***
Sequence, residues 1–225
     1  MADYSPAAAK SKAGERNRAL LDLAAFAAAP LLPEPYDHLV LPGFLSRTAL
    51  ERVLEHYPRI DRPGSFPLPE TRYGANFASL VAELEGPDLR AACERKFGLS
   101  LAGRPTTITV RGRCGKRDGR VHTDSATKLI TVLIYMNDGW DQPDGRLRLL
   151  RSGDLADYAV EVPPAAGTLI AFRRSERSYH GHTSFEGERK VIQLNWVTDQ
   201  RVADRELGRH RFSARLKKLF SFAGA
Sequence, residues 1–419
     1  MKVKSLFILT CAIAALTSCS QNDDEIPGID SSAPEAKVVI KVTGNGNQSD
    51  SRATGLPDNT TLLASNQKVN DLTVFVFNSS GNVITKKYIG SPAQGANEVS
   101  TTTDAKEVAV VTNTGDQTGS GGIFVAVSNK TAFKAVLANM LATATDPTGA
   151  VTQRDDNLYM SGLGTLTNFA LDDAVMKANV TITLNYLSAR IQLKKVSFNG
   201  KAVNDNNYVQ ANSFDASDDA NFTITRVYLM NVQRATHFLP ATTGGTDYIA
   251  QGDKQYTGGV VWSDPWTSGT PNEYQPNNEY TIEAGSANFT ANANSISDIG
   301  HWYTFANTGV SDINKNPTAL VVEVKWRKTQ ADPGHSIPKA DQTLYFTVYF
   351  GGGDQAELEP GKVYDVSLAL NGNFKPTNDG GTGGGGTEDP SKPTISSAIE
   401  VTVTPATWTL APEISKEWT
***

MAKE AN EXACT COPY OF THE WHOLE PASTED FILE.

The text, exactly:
Sequence, residues 1–225
     1  MADYSPAAAK SKAGERNRAL LDLAAFAAAP LLPEPYDHLV LPGFLSRTAL
    51  ERVLEHYPRI DRPGSFPLPE TRYGANFASL VAELEGPDLR AACERKFGLS
   101  LAGRPTTITV RGRCGKRDGR VHTDSATKLI TVLIYMNDGW DQPDGRLRLL
   151  RSGDLADYAV EVPPAAGTLI AFRRSERSYH GHTSFEGERK VIQLNWVTDQ
   201  RVADRELGRH RFSARLKKLF SFAGA
Sequence, residues 1–419
     1  MKVKSLFILT CAIAALTSCS QNDDEIPGID SSAPEAKVVI KVTGNGNQSD
    51  SRATGLPDNT TLLASNQKVN DLTVFVFNSS GNVITKKYIG SPAQGANEVS
   101  TTTDAKEVAV VTNTGDQTGS GGIFVAVSNK TAFKAVLANM LATATDPTGA
   151  VTQRDDNLYM SGLGTLTNFA LDDAVMKANV TITLNYLSAR IQLKKVSFNG
   201  KAVNDNNYVQ ANSFDASDDA NFTITRVYLM NVQRATHFLP ATTGGTDYIA
   251  QGDKQYTGGV VWSDPWTSGT PNEYQPNNEY TIEAGSANFT ANANSISDIG
   301  HWYTFANTGV SDINKNPTAL VVEVKWRKTQ ADPGHSIPKA DQTLYFTVYF
   351  GGGDQAELEP GKVYDVSLAL NGNFKPTNDG GTGGGGTEDP SKPTISSAIE
   401  VTVTPATWTL APEISKEWT